1) Culture: Our own James Poulos describes Kristol as “A secular liberal who cared about culture.” The proliferation of “dirty books, dirty movies, and dirty art” during the Sexual Revolution was one of the issues that encouraged Kristol to shift his views in a conservative direction.
He understood religion was central to culture and deals with religious questions throughout the book. Here we can see the influence of Leo Strauss on him in two ways. First, America’s religious inheritance is seen in terms of a civil religion with a salutary effect on the character of the citizenry. Religion is a means to a political end. Is this compatible with a religious believer’s view of Church-State relations? Here is a possible reason why it is not: For a religious believer it is the other way around, politics is a means to a religious end. The purpose of government is to secure the necessary space to exercise one’s religious liberty.
Second, he accepts the thesis that reason and revelation are ultimately irreconcilable. While this seems to be his conclusion, it should be said that this thesis encouraged him to take the possibility of revelation seriously, and the book shows his genuine curiosity in theological questions.
2) Gov’t : The excesses of the Great Society was another reason why he shifted toward the right. But this does not mean he accepted the mainstream conservative position of ‘limited government.’ For conservatives, safety nets are illegitimate as a matter of principle. For Kristol, what mattered was the effect on the citizens’ character, not whether it was unconstitutional. LBJ’s programs created dependency among its recipients and so were bad, but FDR’s New Deal provided a helping hand to citizens and so was good. Fred Barnes has described this view as ‘Big Gov’t Conservativism,’ and it is unpopular at the moment, given Bush’s presidency and the Tea Partiers.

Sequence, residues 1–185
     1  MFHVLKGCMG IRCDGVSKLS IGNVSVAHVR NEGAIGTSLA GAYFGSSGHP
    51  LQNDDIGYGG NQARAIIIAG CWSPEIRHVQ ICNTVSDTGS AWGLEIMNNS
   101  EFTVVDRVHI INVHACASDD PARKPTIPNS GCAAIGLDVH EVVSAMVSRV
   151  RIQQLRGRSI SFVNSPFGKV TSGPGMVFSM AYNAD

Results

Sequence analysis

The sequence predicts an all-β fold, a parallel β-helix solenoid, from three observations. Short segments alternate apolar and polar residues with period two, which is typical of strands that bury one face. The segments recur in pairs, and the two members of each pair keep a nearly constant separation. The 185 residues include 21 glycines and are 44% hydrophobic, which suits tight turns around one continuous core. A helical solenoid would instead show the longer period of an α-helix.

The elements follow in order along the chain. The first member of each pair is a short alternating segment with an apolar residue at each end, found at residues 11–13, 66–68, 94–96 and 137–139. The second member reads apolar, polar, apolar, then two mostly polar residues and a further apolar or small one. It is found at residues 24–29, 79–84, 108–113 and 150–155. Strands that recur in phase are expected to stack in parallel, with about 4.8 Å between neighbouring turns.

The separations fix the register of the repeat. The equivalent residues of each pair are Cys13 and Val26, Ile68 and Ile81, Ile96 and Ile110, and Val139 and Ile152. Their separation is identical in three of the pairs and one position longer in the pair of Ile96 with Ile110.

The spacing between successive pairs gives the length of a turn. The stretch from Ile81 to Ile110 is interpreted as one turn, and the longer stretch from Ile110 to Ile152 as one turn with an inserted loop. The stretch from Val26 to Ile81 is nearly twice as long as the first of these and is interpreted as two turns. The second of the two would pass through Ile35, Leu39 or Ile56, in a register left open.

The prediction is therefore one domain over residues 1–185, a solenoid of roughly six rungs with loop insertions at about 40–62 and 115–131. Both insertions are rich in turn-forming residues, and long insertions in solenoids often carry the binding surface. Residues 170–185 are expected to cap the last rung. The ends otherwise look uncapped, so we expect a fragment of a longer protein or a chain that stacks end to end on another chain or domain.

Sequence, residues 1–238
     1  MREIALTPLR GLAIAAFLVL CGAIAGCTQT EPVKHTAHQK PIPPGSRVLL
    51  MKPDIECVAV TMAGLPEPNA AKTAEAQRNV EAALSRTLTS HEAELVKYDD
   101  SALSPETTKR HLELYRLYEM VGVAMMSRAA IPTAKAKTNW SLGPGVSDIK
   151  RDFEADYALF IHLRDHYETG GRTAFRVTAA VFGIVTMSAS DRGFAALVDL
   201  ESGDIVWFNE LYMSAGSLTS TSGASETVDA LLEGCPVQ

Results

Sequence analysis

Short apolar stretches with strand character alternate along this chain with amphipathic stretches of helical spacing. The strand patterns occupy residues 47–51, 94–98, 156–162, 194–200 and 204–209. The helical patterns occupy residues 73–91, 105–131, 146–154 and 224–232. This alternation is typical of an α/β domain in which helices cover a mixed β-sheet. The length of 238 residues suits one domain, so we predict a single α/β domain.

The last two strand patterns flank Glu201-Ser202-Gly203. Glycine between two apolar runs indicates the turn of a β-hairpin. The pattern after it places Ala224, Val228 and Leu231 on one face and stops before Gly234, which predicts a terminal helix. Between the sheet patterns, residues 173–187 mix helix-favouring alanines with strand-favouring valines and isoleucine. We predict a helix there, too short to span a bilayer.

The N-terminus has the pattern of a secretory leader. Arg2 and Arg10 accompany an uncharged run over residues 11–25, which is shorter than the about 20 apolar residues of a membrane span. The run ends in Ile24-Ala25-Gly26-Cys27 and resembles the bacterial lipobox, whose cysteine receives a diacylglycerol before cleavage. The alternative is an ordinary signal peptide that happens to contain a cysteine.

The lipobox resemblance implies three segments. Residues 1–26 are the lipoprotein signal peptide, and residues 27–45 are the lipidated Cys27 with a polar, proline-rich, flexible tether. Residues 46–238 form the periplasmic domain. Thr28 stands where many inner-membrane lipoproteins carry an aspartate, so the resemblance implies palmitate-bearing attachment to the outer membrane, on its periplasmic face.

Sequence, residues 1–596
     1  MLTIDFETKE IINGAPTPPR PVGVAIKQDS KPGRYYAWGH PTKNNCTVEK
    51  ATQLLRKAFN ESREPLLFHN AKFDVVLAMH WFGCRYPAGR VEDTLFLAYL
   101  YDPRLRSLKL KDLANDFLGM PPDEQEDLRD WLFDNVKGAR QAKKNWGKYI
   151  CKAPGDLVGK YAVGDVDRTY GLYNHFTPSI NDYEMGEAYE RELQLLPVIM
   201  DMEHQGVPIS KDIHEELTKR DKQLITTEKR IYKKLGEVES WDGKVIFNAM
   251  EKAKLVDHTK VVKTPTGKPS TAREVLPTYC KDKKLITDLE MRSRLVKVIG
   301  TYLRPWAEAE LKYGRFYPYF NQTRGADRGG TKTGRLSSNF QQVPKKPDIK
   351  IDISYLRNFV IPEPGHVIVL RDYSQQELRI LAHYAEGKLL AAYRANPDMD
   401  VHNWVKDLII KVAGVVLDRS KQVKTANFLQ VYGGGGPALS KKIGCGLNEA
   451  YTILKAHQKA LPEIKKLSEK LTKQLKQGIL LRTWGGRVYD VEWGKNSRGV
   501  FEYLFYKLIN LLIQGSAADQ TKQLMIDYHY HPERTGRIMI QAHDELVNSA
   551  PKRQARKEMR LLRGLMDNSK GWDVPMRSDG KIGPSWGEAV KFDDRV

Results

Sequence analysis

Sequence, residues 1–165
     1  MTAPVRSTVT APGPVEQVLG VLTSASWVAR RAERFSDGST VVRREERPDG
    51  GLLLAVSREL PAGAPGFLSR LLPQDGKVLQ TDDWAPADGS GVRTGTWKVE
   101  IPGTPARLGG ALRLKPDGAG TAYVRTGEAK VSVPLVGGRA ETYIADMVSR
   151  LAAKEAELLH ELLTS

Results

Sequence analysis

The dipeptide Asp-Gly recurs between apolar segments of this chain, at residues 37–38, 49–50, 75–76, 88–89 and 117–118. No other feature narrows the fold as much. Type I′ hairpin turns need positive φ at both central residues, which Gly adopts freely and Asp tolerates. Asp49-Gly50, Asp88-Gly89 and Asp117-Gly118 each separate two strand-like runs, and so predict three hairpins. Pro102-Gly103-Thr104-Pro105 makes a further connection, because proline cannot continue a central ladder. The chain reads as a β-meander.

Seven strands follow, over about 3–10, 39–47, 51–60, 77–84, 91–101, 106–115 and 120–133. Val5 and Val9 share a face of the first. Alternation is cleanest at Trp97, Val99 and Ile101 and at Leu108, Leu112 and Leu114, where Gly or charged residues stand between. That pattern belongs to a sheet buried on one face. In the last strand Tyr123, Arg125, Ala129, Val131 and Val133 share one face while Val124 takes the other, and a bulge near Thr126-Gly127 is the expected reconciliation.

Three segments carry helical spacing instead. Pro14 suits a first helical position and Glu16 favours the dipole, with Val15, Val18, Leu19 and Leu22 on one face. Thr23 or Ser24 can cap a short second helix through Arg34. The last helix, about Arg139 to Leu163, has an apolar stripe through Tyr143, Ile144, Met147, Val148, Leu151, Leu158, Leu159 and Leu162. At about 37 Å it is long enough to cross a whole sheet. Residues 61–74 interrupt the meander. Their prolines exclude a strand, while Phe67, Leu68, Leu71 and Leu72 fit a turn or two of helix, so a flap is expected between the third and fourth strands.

3) The third theme of foreign policy is another reason why neoconservatism is unpopular today. Second wave Neocons justified the War on Terror on the idealistic ground of democratizing the Middle East: there is a universal desire for liberty which America is in a unique position to help realize. Surprisingly, this idealist outlook is generally missing from Kristol’s book. For the most part, he talks about ‘the national interest’ and defending America against the liberal internationalist charge of selfishness. He says the essential reading for foreign policy should be Thucydides’ On the Peloponnesian War, a work squarely in the realist camp.
When did the change from realist to idealist thinking occur in neoconservative circles? Maybe it was David Brooks’ idea of ‘National Greatness’ and the need for America to undertake grand projects. This theme should run counter to Kristol’s avowed skepticism about grand projects which is based upon his belief in our weak and limited human natures, yet one can find him affirming ‘National Greatness’ at the end of the book. Why the change?
That aside, the number one reason why readers of this blog might enjoy reading Kristol’s work is because it stands at the crossroads of political philosophy and public policy. Writing about philosophy and policy for a mainstream audience is a rarity indeed.